Friday, February 15, 2013

Girls Obesity Increases the risk of developing MS

Besides the many risks the girls who are suffering from childhood obesity are facing, the researchers also found a very serious and increased risk of developing Multiple Sclerosis.

ms linked to obesity
Thus, girls who are obese have a risk three to four times more likely to develop Multiple Sclerosis than normal weight girls. However, the study has also shown that weight doesn't cause Multiple Sclerosis, but obesity represents a factor who increases the risk of developing this neurological disease.

Although the researchers  recent findings do not provide a clear answer about the link between obesity and Multiple Sclerosis, hypotheses raised by American experts coordinated by Dr. Annette Langer-Gould, the Institute Kaiser Permanente Southern California can not be ignored.

Assumptions arising from recent research relates to the increasing number of cases of patients with Multiple Sclerosis, was recorded, coincidentally or not, about the same time as multiplication in obesity in adolescents.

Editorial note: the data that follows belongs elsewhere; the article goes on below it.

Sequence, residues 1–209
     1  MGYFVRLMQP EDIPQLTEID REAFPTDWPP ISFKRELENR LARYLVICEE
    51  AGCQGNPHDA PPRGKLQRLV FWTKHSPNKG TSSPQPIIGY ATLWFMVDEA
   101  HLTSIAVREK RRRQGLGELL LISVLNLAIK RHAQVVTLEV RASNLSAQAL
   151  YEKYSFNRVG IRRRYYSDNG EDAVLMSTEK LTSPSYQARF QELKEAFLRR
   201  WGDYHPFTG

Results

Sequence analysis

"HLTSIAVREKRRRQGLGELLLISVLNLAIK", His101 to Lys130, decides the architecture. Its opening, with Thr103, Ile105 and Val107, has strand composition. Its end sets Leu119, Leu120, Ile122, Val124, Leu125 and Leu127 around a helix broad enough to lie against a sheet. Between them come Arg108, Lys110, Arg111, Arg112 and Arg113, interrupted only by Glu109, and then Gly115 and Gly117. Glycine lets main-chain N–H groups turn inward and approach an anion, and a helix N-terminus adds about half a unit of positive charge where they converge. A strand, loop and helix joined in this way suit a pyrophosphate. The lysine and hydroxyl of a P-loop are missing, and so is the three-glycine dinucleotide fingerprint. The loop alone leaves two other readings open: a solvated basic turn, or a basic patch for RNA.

In the experiment conducted by American experts were involved 75 children diagnosed with pediatric Multiple Sclerosis, a rare condition in children, and over 900,000 other children, clinically healthy.

 After studying weight, height and other factors deemed necessary in research, experts have observed that young obese had an increased risk of suffering, in the future of Multiple Sclerosis. According to this study, the risk was more than half of teenagers who had weight problems.

Half of children and adolescents with Multiple Sclerosis were screened and obese, compared with 37% of children and adolescents with normal weight.  "Our findings suggest the childhood obesity epidemic is likely to lead to increased morbidity from MS/CIS, particularly in adolescent girls," Langer-Gould and her colleagues wrote.

Multiple Sclerosis is a rare neurological disease in which the body's immune system destroys the protective sheath that covers nerves. The disease affects the central nervous system, especially the brain, spinal cord and optic nerves and can cause difficulty in strength and muscle control, vision, balance, sensation and disorders of mental function.

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